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CMEMS Annual Primary Source Symposium Draws Wide Crowd


CMEMS Annual Primary Source Symposium Draws Wide Crowd

Nov 08, 2018

On Thursday and Friday November 1-2, the Center for Medieval and Early Modern Studies (CMEMS) hosted its annual Primary Source Symposium. The title of this year’s symposium was “Translating Cultures: Multilingualism and Identity in the Medieval and Early Modern World.” The event drew attendees from both Stanford and Berkeley, as well as other institutions around the Bay Area and beyond. The symposium featured speakers from institutions across the U.S. and the U.K., including Cambridge, Harvard, UCSC, and The City College of New York. The conference was organized by faculty directors Fiona Griffiths (History, Stanford) and Ivan Lupić (English, Stanford), along with graduate student coordinator Matt Gordineer Warner (English, Stanford).

This was the fifth Primary Source Symposium hosted by CMEMS, an annual two-day event that aims to bring the material remains of medieval and early modern cultures to the fore of research and scholarly discussion. This rich range of material cultural remnants is quite diverse, including reliquaries, manuscripts, books, paintings, churches, synagogues, temples, and mosques, castles and palaces, jewelry, weaponry, and textiles. The goal of the symposium is to offer an intellectual space for reflection, interpretation, and collective analysis of these treasures.

The broad aims of the Symposium reflects the wide appeal of CMEMS itself as a Research Group. CMEMS aims to serve all scholars working on the medieval and early modern period, a historical time frame spanning ca. 500 to 1750 worldwide. Such a wide temporal and geographical range is inherently inclusive, and indeed the group finds itself at the intersection of many different departments and university groups. CMEMS’ interdisciplinary appeal is reflected in the long list of the symposium’s sponsors: the event was jointly sponsored by The Europe Center, the Department of History, the Department of English, the Department of Classics, the Division of Literatures, Languages and Cultures, the Stanford Humanities Center, and Stanford Libraries.

The Primary Source Symposium not only brings together scholars for discussion of medieval and early modern cultural artifacts, but also highlights Stanford’s excellent collections of manuscripts, art, and early printed books from this time period. To this end, the Symposium included an exhibition and reception of some of the unique pieces in Stanford Libraries’ Special Collections.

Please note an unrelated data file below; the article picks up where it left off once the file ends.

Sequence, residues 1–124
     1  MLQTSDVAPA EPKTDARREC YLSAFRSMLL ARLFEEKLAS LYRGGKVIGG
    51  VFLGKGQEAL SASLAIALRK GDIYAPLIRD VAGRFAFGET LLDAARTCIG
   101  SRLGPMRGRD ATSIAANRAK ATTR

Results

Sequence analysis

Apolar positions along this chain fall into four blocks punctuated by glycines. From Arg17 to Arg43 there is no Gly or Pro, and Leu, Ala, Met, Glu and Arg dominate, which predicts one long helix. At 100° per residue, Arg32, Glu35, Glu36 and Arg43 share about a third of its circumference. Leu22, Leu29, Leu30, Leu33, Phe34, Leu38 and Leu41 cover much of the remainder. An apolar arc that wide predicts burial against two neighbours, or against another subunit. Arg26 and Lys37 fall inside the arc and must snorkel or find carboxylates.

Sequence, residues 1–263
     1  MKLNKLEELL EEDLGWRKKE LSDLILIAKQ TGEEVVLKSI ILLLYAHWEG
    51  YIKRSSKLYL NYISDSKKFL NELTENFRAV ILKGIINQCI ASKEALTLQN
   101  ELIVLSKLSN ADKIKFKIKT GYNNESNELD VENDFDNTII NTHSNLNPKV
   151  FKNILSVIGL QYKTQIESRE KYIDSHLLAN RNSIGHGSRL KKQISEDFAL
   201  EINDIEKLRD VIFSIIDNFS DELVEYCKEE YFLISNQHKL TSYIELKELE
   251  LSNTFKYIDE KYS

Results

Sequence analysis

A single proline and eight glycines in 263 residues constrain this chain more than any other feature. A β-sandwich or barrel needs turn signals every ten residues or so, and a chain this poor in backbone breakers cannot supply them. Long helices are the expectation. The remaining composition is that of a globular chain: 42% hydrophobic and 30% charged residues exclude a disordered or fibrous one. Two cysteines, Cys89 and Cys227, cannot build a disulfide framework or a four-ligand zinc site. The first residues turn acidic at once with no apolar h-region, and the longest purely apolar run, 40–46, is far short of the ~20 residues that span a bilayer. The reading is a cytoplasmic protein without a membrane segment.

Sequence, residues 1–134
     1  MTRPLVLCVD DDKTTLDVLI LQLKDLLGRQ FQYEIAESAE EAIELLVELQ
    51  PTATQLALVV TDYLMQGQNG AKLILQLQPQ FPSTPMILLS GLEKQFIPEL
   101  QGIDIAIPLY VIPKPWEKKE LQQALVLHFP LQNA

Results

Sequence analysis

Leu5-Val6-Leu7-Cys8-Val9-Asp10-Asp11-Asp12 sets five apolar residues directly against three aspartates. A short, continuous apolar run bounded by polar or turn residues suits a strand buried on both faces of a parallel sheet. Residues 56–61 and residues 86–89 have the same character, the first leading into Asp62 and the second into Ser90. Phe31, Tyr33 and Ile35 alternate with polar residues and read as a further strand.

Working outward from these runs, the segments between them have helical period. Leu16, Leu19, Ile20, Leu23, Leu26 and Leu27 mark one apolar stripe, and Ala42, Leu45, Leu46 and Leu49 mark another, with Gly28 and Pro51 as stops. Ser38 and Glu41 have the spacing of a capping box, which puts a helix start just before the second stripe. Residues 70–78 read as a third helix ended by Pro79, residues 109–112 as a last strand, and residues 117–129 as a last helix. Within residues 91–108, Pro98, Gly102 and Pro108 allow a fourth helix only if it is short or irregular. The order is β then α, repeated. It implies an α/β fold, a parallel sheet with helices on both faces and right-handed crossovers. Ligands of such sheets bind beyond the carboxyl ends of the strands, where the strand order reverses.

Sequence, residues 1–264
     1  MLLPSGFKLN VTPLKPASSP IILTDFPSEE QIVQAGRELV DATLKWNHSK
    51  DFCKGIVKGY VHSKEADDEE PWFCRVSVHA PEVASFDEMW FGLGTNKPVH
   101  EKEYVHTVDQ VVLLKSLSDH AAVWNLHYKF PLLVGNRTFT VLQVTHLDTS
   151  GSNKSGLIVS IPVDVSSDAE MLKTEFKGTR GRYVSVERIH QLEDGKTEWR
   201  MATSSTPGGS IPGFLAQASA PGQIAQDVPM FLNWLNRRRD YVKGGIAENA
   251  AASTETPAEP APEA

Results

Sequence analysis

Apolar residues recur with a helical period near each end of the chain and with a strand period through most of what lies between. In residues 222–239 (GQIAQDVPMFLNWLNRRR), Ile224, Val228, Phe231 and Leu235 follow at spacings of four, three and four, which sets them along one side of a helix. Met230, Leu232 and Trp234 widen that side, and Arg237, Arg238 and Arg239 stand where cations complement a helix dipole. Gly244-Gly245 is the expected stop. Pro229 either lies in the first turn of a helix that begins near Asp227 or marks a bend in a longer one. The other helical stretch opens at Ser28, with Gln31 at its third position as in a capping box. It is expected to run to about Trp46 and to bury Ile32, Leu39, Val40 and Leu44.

The event featured two keynote speakers, Zrinka Stahuljak and Eric Dursteler. Stahuljak is a Professor at UCLA in the Department of French and Francophone Studies. Her research interests include translation and translation theory, cultural production, and the relationship of historiography to history in the Middle Ages and within Mediterranean and Francophone Studies. Her talk was titled “For a Connected Literature.” Dursteler is Professor and Chair of History at Brigham Young University. His research focuses on gender, religious identity and food in the the early modern Mediterranean, with a side interest in the history of Mormonism in Italy. His talk was titled, “Language, Gender and Domestic Space in the Early Modern Mediterranean.”

In addition to the annual Primary Source Symposium, CMEMS hosts many events on campus designed to foster the same interdisciplinary dialogue across all levels of the university. Their popular Workshop series meets weekly, at lunchtime every Wednesday, and features discussion of pre-circulated papers. These events feature works-in-progress from Stanford graduate students and faculty, and visiting scholars frequently join the discussion. More information on CMEMS and upcoming events can be found here.

-Cortney Hamilton








Zrinka Stahuljak UCLA)
Eric Dursteler  (BYU)


Fiona Griffiths (History, Stanford) - Ivan Lupić (English, Stanford)

Fiona Griffiths (History, Stanford) - Ivan Lupić (English, Stanford) - Matt Gordineer Warner (graduate student coordinator for the Symposium)